It’s interesting to hear talk of ‘being good enough’ to benefit from an certain level of education given that you hardly ever hear the phrase ‘good enough’ in the context of education – the discourse is much more about aspiring to be better, it’s as if, in a marketised system, there is no such thing as ‘good enough’, possibly because the very concept of settling for ‘good enough’ would stifle competition.

The Mathew Effect: A Summary of ‘Outliers’ Chapter One.

Outliers: The Story of Success (2008) by Malcom Gladwell is a great work of sociology, so I thought it’s worth summarizing in some depth. The gist of the book is that it’s not exceptional individual talent which explains success, but rather the exceptionally unusual opportunities which successful individuals stumble upon.

Chapter One: The Mathew Effect

Gladwell sets the scene to this chapter by painting a picture of the Tigers and the Giants competing for victory in the  Memorial League hockey cup –the two best teams in the hockey league chock full of the future stars of league hockey.

There is a general, strong belief that Canadian hockey leagues are organised as a meritocracy. Thousands of children start playing hockey at ‘novice’ level before Kindergarten. From that point on there are leagues for every age and class and at each of these levels the players are evaluated, sifted and groomed for the next level, all the way up to Junior memorial league A. If you reach that league, and especially if your team ends up competing in the final of the memorial league cup, then you are among the very best hockey players in the country.

It is generally believed that getting into these top leagues is a matter of individual merit – a combination of ability and effort. The belief is that it does no matter who your parents are, how much money they have, where you live, or who you know, anyone with enough raw talent who is prepared to put in the effort will be picked up by talent scouts relatively early on and then groomed successfully for progression.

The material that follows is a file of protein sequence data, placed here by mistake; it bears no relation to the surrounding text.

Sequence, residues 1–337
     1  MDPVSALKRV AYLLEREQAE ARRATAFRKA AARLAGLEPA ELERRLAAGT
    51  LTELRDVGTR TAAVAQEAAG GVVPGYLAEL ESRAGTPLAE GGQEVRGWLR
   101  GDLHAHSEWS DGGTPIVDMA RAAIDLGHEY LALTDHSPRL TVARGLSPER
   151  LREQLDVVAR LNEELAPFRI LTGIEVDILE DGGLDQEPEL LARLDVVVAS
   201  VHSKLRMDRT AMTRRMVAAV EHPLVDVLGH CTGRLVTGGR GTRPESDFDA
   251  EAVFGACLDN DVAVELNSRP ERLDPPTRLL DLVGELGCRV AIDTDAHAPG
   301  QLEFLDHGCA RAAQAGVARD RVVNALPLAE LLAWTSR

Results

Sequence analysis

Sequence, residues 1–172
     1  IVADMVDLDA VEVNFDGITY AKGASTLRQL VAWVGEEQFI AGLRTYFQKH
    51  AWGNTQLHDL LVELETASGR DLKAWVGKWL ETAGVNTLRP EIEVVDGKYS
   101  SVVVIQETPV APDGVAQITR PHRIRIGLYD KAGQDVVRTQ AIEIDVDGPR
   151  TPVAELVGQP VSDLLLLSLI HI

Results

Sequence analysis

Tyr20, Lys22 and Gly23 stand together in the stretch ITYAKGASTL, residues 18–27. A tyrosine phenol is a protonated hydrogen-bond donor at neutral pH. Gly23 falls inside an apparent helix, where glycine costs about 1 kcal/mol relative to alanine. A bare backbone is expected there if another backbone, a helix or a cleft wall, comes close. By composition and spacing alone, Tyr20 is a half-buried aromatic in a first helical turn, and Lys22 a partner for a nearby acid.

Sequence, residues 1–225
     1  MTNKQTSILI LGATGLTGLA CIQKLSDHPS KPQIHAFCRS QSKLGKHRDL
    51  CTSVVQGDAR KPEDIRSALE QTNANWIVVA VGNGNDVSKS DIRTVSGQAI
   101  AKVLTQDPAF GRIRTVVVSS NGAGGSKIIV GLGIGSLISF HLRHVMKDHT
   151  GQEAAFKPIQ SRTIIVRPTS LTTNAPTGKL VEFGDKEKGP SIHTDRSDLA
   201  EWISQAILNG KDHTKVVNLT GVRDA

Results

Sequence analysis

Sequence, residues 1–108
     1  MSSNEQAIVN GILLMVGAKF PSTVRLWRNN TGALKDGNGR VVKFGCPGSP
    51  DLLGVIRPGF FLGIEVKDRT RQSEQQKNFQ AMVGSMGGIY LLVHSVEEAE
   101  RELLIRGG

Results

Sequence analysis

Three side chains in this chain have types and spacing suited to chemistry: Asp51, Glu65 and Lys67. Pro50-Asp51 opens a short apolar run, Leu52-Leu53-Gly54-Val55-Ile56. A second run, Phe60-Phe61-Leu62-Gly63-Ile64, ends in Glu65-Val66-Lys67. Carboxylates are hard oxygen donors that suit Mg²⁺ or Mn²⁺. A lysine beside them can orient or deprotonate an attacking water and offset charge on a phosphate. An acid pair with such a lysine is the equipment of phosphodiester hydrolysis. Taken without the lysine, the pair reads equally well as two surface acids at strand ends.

Players are judged by the own performance, and progress on their individual merit… or do they?


This book is going to introduce you to all sorts of successful people, and argue that there is something profoundly wrong with the way we tend to make sense of success.

The question we tend to ask about such people is ‘what are they like’? How intelligent are they? What lifestyles do they have, what are their special qualities? We tend to assume that it is those personal qualities which get them to the top.

In the numerous biographies published every year by the celebrities/ entrepreneurs etc. the story of their success is basically the same – they came from modest backgrounds and through their own grit and determination struggled to the top.

These explanations of success don’t work – the people who rise to the tops of their fields are invariably the beneficiaries of hidden advantages and extraordinary opportunities and cultural legacies that allow them to learn and work hard and make sense of the world in ways that others cannot.

It is not enough to ask ‘what are successful people like’, it is only by asking ‘where are they from’ that we can unravel the logic behind who succeeds and who doesn’t.


In the mid 1980s a Canadian psychologist names Roger Barnsley first drew attention to the importance of relative age in national hockey leagues.

Barnsley found what he called ‘the iron law of Canadian hockey’ = in any elite group of hockey players – the very best of the best – 40% of the players will have been born between January and March, 30% between April and June, 20% between July and September and 10% between October and December.